I moved home with Mom and I lived with her for several years (which, by the way, when you’re in your 30s and can’t afford to live on your own just feeds feelings of worthlessness). I was promoted at work, but my boss was the devil incarnate. I was working 80 hour weeks some weeks, and the anxiety returned on a pretty constant basis. I was still having regular anxiety attacks, and there were many days that I fought even just getting out of bed. I would go days without a shower because I just didn’t have the energy.The anxiety and the awful hours made it difficult to go to the doctor. Then in 2014, an opportunity came up that I was able to leave my job for a less stressful position in a completely different company. It was a pay cut, but I was living with mom and was able to justify it.
Then I met Al, the love of my life. We were together 6 months when I moved an hour away to live with him. Things were great! I got promoted at my new job, was making more money, but the 2.5 hours I was on the road every day was starting to wear on me. I bought a new car to make it better, but it didn’t get better; it just continued to feed my anxiety. And then the election of 2016 happened. I started getting weekly migraines and was starting to miss work because of it. I finally made an appointment with a therapist, and in conjunction with my family doctor, we decided to put me back on the Celexa and Ativan and we added in some Imitrex for the migraines. After about 2 months of therapy, the therapist decided that we would go to an as-needed basis. And this is why I don’t really like therapy. I’m very self-aware and I struggle with talking to people because I feel they will see me as too self-aware and decide I don’t need the therapy. I’ve been doing okay without seeing my therapist, but there are days where it’s very difficult to not have an objective person to talk to. This past week has been a string of difficult days, and this morning I woke up with that tell-tale lump in my throat. I knew that I was going to cry, I fought it off because I had to leave for work. On days/weeks like this, it is difficult to find the motivation to create. Even when I force myself, I just feel lost. I feel like what I’ve created is not good enough, and my mind goes back to 21 year old me and I hear my ex’s voice in my head. “You’ll never amount do anything. You aren’t good enough.” I really struggle with this on a daily basis, and it makes it hard to get things going. It makes it hard to do the simplest of things. I have 3 laundry baskets full of clean clothes that need to be put away and I just can’t bring myself to do it. I have things that need to be organized and I don’t have the energy.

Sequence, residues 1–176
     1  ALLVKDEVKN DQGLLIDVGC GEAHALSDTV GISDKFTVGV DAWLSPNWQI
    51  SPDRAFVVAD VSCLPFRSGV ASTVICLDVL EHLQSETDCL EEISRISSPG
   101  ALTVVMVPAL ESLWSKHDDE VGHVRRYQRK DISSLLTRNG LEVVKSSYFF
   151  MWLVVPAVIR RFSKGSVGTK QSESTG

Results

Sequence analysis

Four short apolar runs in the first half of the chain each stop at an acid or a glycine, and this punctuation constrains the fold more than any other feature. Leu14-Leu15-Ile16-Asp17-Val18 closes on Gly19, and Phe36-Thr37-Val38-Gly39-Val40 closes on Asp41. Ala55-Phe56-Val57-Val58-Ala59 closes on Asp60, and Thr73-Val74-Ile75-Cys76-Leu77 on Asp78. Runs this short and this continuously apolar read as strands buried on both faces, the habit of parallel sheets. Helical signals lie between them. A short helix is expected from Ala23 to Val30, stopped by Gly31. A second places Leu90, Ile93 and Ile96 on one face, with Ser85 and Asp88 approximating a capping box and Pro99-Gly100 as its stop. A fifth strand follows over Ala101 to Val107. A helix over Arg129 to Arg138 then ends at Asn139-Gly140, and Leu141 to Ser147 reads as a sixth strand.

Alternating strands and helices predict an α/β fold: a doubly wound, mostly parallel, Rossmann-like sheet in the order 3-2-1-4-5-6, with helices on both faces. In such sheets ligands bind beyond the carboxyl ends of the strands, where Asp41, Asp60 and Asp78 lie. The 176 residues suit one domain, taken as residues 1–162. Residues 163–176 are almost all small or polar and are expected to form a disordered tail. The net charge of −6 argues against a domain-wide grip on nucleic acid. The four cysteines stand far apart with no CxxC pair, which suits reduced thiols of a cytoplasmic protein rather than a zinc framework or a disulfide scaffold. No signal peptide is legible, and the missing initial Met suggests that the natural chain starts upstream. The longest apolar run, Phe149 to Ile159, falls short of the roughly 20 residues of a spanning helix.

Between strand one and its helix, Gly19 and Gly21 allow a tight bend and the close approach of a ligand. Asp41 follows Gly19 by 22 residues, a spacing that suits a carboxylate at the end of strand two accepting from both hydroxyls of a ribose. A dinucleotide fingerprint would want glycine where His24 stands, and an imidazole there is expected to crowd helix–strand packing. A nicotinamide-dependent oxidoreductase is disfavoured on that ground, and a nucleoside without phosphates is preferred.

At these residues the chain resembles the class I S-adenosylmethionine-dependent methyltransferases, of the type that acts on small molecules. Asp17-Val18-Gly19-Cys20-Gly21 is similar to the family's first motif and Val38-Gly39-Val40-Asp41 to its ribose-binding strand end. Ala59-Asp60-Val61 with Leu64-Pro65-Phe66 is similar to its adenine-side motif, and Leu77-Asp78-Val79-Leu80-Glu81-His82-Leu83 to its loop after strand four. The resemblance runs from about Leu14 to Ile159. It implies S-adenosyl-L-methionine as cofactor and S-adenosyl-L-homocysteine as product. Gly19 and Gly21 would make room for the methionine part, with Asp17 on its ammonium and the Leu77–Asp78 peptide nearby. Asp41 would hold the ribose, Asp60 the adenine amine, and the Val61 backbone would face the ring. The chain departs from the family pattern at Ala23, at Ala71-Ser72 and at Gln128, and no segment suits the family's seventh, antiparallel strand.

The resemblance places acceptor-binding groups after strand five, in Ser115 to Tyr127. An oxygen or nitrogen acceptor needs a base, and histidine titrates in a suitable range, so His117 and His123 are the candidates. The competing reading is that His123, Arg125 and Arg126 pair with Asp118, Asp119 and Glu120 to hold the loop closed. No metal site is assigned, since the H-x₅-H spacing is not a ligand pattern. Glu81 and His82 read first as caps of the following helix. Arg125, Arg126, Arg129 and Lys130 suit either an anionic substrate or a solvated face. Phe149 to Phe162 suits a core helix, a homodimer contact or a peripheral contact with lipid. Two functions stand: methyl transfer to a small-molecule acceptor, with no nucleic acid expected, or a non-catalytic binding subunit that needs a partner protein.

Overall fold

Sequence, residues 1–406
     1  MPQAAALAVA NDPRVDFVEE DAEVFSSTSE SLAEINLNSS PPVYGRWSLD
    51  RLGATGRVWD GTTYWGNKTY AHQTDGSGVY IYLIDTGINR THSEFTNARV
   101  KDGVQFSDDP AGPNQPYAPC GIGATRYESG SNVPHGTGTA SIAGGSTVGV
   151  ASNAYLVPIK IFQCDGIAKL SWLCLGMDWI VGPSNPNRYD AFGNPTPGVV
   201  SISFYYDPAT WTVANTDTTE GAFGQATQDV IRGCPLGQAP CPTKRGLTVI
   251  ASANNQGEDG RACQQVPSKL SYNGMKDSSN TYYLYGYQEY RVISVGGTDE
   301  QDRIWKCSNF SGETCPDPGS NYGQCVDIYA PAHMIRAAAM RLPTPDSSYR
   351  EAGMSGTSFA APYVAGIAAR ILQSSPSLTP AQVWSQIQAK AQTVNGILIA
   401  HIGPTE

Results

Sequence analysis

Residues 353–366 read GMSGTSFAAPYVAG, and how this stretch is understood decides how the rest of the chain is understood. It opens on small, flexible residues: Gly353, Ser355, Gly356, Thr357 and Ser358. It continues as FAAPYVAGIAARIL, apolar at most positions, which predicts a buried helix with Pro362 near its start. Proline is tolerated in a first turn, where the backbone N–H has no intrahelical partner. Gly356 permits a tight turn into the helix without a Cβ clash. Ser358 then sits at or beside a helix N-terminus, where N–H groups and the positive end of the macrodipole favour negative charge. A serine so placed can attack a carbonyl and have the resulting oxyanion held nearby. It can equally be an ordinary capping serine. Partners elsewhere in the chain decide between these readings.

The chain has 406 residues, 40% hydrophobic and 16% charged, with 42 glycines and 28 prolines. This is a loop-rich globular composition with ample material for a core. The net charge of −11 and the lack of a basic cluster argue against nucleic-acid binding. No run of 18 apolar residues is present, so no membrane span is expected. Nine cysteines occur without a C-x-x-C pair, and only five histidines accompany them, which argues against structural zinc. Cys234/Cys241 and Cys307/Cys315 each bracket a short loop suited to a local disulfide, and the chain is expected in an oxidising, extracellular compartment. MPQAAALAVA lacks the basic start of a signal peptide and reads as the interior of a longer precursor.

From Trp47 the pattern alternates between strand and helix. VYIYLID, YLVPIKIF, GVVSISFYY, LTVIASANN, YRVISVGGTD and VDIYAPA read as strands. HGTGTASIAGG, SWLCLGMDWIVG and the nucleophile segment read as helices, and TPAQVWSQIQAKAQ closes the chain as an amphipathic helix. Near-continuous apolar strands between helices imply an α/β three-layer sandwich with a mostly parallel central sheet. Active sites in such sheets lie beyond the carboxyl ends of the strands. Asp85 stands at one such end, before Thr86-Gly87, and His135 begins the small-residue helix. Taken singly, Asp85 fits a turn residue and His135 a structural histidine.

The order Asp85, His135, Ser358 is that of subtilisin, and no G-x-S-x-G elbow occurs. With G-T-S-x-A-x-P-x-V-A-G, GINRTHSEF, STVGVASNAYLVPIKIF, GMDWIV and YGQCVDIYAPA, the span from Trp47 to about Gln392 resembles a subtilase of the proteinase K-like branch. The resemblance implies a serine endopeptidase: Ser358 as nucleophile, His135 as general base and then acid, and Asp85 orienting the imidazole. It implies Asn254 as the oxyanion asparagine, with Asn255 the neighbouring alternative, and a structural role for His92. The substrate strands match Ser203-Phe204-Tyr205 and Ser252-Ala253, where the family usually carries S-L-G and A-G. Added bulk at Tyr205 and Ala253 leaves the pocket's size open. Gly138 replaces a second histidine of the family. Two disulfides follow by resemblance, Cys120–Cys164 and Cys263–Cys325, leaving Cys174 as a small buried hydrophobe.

I don’t tell you this for sympathy. Rather, I tell you this so maybe, just maybe, someone will read it and understand what it’s like to live with this disease. It’s not just a “case of the blues.” It is a constant battle that I fight every single day. I’ve been struggling with even writing this for fear of judgment from people who don’t understand it. But here it is. Out in the open. Hi, my name is Luna and I live with mental illness.